Published: Sat, January 11, 2020
Health Care | By Cedric Leonard

Ipswich and Colchester hospital A&E waiting times for December 2019

Ipswich and Colchester hospital A&E waiting times for December 2019

Only 79.8% of patients were seen within four hours in all A&E departments in December, making it the worst month for performance since records began, official figures show.

Nearly 100,000 seriously ill people (98,452) waited more than four hours for a bed after a doctor had made a decision to keep them in the hospital.

"The Government has started to put in a lot of extra money for the NHS from last April, but this shows just how long it is going to take for it to be felt patients and staff", Appleby said.

December saw a record high number of category 1 ambulance call-outs - the most serious emergency - with nearly 10,000 people needing urgent help.

Casualty units should see at least 95 percent of patients within four hours.

Sam Higginson, NNUH chief executive, said: "We have seen a more than 25pc increase in emergency attendances over the last four years and our staff are working really hard to assess and treat patients as quickly as possible to provide safe and appropriate care".

Nationally, the December 2019 waiting time performances are the worst since the target was introduced in 2004, with pressure on social care and not enough hospital beds given as reasons.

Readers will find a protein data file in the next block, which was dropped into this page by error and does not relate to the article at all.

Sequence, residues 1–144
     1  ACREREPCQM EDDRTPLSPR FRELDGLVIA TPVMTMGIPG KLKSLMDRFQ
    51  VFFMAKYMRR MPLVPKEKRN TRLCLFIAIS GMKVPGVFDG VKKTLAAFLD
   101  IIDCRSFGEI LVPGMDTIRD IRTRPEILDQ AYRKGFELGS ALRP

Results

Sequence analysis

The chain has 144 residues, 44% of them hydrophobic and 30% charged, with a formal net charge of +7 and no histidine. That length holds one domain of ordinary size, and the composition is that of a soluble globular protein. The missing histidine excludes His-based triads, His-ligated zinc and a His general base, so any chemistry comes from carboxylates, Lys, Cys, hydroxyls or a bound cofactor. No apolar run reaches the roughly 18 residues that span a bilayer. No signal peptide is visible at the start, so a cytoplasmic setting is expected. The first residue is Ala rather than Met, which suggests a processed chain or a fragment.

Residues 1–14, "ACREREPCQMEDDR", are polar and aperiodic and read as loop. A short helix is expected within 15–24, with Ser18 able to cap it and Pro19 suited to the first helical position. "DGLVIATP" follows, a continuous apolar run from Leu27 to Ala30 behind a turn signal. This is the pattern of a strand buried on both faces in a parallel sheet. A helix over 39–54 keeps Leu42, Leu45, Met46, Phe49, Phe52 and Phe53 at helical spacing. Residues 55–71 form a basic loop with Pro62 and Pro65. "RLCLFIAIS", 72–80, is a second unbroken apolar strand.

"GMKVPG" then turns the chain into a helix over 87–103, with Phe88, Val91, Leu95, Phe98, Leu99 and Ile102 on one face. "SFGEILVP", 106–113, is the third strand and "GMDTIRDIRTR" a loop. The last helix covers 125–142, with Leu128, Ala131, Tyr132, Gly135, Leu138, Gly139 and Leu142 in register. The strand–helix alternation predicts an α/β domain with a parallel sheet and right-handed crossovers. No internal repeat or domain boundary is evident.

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A trust spokesman said: "MTW is seeing record high numbers of people attending our emergency departments (ED) this year - up by 12% compared with last year".

The figures also show that only one of 118 NHS trusts with a type 1 A&E department - those with a consultant-led 24-hour service - achieved the 95% standard on all types during the month. Some 10,000 of these call-outs were to the most serious, life-threatening cases - again the highest number recorded in a month and a rise of 16.6% from the previous year.

This is an increase of 14.2% in three years, according to NHS England.

"Some patients are waiting too long, but we also need to recognise that more patients are supported than ever". We have got more hospital beds open than last winter, but flu has come early and is around twice as high as this time a year ago.

Dr Simon Walsh, emergency medicine lead at the BMA, said: 'These figures are truly alarming and serve as yet further evidence that our NHS simply doesn't have the resources, staff, or capacity cope with rocketing demand. For the public there is still time to get your flu jab, and keep in mind to use the free NHS 111 phone and online service and your local pharmacist. We need a long-term fix to this crisis, so that doctors can get back to doing what they do best - caring for their patients'.

The number of people attending the trust's A&E departments last month increased by almost 3,000 from a year ago, to 17,523.

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